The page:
“Most of that equipment was local. We have some really great relationships with several gym owners now! They were all very helpful. And the old the older gym owners were great resources for what was period correct. So, to find equipment that still looked kind of new, but also was correct for that period, was a little bit tricky. And to find that information, the best resource was these gym owners who could tell us, ‘Oh, hey, I used that back in the ‘80s..this has been here since the ‘70s...”
Editor's note: Click on SHOW MORE PHOTOS below!
The balanced vision
“One of the big parts about that youth center for George Foreman was that it be not just a place where kids could exercise and play sports, but also, he encouraged the academic side. ‘You need to have a space to come here and do your homework.’ So, we had study hall rooms built in at the loft end, and tables placed in the midst of the gym, to emphasize the need to get schoolwork done as well.”
The Tonight Show Starring Johnny Carson...
"The Johnny Carson
set was interesting, and unexpectedly difficult! That was the first time I ever had to work within those challenging parameters. The whole thing as one unit is copyrighted. Everything! It is amazing all that cannot be re-created because it is protected. So, it was a lot of working with the clearance department on literally every single thing that went in there. For instance, at one time they had a striped curtain. So, we were going to do a striped curtain but in completely different color tones. However, we were told that we could not do stripes in any
color. Then, it came down to the solid curtain colors we went through and had to omit, because one stripe of the original curtain was that color. Obviously, we could only use something that never been hung on a Johnny Carson set, in a tightly controlled definition of that palette!”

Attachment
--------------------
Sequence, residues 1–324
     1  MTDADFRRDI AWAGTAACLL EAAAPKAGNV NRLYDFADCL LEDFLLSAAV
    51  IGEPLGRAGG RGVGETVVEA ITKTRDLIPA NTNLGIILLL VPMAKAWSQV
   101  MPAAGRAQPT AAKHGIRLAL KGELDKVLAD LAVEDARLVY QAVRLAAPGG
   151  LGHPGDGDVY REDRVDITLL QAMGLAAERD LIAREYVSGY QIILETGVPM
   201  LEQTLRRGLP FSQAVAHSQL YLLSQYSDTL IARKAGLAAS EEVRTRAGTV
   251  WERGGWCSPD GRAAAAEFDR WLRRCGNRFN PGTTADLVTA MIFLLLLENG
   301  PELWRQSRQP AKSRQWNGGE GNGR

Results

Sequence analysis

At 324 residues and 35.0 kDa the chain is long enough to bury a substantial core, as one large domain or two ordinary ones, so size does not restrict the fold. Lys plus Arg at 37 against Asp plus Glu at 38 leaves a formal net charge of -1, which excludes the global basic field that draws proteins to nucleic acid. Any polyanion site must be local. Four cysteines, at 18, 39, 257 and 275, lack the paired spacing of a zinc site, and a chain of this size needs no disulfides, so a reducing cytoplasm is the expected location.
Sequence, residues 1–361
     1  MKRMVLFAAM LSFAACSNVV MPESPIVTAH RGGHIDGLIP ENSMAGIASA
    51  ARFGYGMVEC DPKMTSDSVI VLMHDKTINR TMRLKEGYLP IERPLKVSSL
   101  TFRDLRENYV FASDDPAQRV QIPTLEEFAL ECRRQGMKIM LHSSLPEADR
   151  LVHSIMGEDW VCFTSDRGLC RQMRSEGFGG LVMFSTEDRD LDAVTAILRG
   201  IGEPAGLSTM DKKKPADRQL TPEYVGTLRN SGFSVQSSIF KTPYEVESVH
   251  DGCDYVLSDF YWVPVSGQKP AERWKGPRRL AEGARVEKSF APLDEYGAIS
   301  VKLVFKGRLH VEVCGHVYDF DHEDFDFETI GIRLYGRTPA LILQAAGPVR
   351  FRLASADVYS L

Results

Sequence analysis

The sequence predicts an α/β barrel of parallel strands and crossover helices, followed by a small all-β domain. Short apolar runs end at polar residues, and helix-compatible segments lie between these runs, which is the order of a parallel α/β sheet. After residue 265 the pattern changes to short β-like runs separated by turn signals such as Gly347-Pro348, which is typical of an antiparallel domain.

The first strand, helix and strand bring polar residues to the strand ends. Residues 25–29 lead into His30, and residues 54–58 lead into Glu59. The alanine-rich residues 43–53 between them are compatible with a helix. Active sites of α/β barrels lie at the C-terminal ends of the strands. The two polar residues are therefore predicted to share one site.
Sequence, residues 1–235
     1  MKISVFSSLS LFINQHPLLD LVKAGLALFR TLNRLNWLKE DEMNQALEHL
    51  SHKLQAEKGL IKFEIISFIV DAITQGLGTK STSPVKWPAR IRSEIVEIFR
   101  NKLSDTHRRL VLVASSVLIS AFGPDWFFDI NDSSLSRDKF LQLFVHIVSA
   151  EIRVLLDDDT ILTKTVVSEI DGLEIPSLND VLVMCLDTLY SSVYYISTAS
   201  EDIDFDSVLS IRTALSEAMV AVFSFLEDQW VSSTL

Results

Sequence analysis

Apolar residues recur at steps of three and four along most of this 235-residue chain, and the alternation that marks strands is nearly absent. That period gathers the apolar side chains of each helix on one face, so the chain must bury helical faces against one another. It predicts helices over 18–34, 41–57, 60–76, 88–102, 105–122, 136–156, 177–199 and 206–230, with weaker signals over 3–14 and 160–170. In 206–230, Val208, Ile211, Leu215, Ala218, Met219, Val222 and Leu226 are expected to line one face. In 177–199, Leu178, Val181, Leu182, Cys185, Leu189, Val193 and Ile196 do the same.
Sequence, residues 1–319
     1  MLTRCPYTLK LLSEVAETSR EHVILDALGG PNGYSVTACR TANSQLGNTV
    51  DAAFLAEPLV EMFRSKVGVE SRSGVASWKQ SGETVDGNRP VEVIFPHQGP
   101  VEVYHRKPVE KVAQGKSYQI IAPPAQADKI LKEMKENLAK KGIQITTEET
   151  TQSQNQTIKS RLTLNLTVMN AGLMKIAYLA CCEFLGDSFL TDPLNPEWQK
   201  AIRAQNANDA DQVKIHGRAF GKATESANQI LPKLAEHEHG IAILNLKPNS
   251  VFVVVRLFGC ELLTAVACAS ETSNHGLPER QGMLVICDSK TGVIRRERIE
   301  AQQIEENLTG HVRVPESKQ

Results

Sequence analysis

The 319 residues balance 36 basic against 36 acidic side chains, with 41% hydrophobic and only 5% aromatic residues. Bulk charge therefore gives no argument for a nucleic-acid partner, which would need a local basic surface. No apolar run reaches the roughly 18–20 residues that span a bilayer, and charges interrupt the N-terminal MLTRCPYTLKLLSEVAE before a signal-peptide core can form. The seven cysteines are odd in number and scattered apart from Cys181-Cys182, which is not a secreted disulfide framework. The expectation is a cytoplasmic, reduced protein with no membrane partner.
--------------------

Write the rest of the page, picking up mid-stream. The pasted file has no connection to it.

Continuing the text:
Editor's note: Click on SHOW MORE PHOTOS below!
“We had a similar situation with the table that's next to the sofa. We had to send every piece to be cleared, and I think we went through like two or three end table iterations. It wasn't like it was a distinctive end table. It was just they thought it was too close to something that had been used. As you can imagine, the backdrop, that translight, was another huge situation...it could not be similar, but it had to be similar. Talk show desks are very distinctive, so we had our own built by our construction department. It turned out beautifully and really worked well in anchoring the set.”
“The part of re-creating the Johnny Carson
show that made me the most nervous was the technical practicals, because I've never had to tackle it on that scale. The technology like the period boom, and the broadcast cameras in the playback monitors...that's what made me the most nervous, because I really wanted to get that right. But thankfully, our prop master was wonderful. He took care of the camera. And then our sound mixer had a source for the correct boom, out of Tennessee, I think. And, with everyone's help, it turned out that it wasn't as scary as I thought it would be!”
I love the story of George Foreman, which I didn't know that much about before I started the film. Of course, I knew who George Foreman was, but to know more about his life and his struggles and what he overcame...what an amazing athlete and champion, and person he is.
In the back of my mind was the thought, ‘I'm doing this for George Foreman. This man deserves for the sets and for this film, to honor his life and to be as good as it possibly can be.'
And it was a great experience, especially working with Clay Griffith, the production designer, who is a former set decorator. His understanding of the challenges that a set decorator faces, and then learning from his past experience, little things that he shared with me...we just got along wonderfully. And my crew came through so many times, it meant so much to all of us to do this film, to tell this true story.”
...Set Decorator Claire Sanchez SDSA would like to acknowledge her outstanding crew:
Assistant Set Decorator: Li Yaffe | Set Dec Buyers: Madi Turin, Jessica Taylor | Leadman: Pat O’Connor | Gangbosses: David Poretto, Matt Mysing | On Set Dresser: Joie Todd Kerns | Set Dresser-Warehouse Manager: Russ Halsrud | Set Dressers: Teddy Hennessey, Remy Laan, Caleb Rimmer, Jen Brunjes, Mike O’Sullivan , Dustin Poretto | Set Dec Coordinator: Brad Miller
This film had a considerable stop/start, with Hurricane Ida and other forces in between.
Thus, early on William Cimino was the first Set Decorator